How to Starve Religion and Feed Life


The sun is making my computer screen hard to see as I sit here at our patio table in the backyard. I feel good, especially good, since I had a run of several days last week when I didn’t feel well. I was not suffering from anything physical and, as far as I know, I am in pretty condition for the condition I am in. Yet, something was amiss. It was a weird nebulous feeling of moderate depression that I couldn’t turn around until the end of the week.

Was it the cool, cloudy weather we had last week? Was it being weary of book editing? Was the fear that the book is almost ready to be published and I was about to be exposed to the whole world? Was it the concern this new business will be another fail? Was it the drudgery of the mundane stuff that had to be done? Was the minimal contact I had with other human beings for a few days running? Was it all of the above compounded through all of years of my life?

I don’t know. I just know the last few days have been non spectacular, but totally enjoyable. The beach and my bicycle restored me. Dinner with my wife at our favorite Friday Fish Fry place, a little neighbor bar that only opens the dining room on Fridays was serious fun. Visiting with our new friends at the fabulous Harbor Market and stopping in at our granddaughter’s for a little family dinner and backyard fire pit action on Saturday somehow made me feel human again.

I am the kind of guy to bury myself in something and only rarely come up for air. I know it is no way to live because eventually I get burned out, feel desperate and just want to escape.

My inner dis-ease of last week and the joy of this weekend caused me to reflect on the finally decided upon subtitle for my book, An Irreligious Faith: How to Starve Religion and Feed Life. By the way, I can’t take credit for it. It was my editor’s idea. She’s a smart person and I am going with it.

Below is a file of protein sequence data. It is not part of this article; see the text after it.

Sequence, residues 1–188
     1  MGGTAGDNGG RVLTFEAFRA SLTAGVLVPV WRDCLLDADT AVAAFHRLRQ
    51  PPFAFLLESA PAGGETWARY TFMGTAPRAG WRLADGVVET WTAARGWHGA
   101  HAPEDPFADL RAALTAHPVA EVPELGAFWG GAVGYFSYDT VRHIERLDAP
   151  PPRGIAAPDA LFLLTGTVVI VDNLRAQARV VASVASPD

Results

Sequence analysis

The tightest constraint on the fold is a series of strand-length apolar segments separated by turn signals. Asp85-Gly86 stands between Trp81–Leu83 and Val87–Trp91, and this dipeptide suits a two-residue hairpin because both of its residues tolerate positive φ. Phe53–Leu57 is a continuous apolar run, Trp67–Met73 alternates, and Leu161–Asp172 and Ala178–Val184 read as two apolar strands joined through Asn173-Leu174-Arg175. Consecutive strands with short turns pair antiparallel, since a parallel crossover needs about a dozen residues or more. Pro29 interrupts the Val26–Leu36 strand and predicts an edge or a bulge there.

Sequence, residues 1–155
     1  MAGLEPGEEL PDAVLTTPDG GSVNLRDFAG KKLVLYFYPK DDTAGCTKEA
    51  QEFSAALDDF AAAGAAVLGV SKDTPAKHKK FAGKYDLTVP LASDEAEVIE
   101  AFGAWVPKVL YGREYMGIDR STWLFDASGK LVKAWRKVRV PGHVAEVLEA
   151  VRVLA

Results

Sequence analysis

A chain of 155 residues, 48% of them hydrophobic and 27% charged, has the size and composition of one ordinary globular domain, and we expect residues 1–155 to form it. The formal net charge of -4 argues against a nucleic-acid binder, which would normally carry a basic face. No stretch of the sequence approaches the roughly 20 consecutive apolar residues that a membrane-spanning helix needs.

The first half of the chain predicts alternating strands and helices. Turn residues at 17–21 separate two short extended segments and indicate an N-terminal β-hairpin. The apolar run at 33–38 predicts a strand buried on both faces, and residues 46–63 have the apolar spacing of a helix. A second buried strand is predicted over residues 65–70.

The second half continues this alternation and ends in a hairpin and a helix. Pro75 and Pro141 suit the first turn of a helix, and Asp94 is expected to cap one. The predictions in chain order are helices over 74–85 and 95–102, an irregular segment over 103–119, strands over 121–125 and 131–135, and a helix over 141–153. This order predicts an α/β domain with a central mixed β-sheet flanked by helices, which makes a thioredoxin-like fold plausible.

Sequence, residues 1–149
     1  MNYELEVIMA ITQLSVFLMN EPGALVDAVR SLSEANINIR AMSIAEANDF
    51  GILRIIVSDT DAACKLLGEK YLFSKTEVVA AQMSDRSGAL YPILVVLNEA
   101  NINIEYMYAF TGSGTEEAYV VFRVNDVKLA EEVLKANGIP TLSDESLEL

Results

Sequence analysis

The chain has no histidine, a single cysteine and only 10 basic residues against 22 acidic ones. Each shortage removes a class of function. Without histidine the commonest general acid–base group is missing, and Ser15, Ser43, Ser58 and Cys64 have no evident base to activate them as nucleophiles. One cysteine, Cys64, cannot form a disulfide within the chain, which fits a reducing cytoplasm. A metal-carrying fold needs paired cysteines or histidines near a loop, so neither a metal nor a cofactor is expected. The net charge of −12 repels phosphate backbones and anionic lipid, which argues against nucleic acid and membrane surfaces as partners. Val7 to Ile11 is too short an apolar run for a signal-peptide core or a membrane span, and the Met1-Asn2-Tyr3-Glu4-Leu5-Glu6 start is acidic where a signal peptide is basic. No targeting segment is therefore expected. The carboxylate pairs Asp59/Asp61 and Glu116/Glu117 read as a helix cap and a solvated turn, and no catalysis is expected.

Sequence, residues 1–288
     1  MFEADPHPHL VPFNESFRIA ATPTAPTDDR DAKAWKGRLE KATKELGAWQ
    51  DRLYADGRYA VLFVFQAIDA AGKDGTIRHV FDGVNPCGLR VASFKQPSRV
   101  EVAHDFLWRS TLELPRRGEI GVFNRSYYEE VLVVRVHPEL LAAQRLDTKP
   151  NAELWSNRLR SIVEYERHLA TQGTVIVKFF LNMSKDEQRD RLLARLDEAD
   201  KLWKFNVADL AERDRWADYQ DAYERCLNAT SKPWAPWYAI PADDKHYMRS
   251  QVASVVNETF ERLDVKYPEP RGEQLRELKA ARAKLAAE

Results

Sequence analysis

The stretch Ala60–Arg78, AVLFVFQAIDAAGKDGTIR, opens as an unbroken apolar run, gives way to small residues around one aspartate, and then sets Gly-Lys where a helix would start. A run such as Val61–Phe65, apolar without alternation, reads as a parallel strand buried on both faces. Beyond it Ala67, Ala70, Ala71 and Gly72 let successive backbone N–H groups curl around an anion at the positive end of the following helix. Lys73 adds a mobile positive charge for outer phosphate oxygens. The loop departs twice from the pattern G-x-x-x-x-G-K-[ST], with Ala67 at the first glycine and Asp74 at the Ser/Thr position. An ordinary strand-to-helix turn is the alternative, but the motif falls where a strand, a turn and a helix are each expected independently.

Since I have spent most of my life feeding religion (along with an overgrown sense of responsibility and guilt) and starving life, I am in need of a total rehabilitation. I learned how to please others and how to feel guilty when I didn’t quite meet expectations, but I didn’t learn how to maintain my own soul.

That’s something nobody else can do it for us and it is our primary responsibility. It’s not selfish in the least, because if we can’t take of ourselves, we will never be able help other people.

So, I have been thinking about feeding life a lot lately. You might give it a try. Make a list of things that feed your life. There is a direct connection between receiving love and blessings and being about to give them to others.

About Glenn

Glenn Hager is a blogger, former newspaper columnist, and author of two books, An Irreligious Faith and Free Range Faith.
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  1. I am glad to read that you are feeling good and emerging from your “weird nebulous feeling of moderate depression”. Welcome back!

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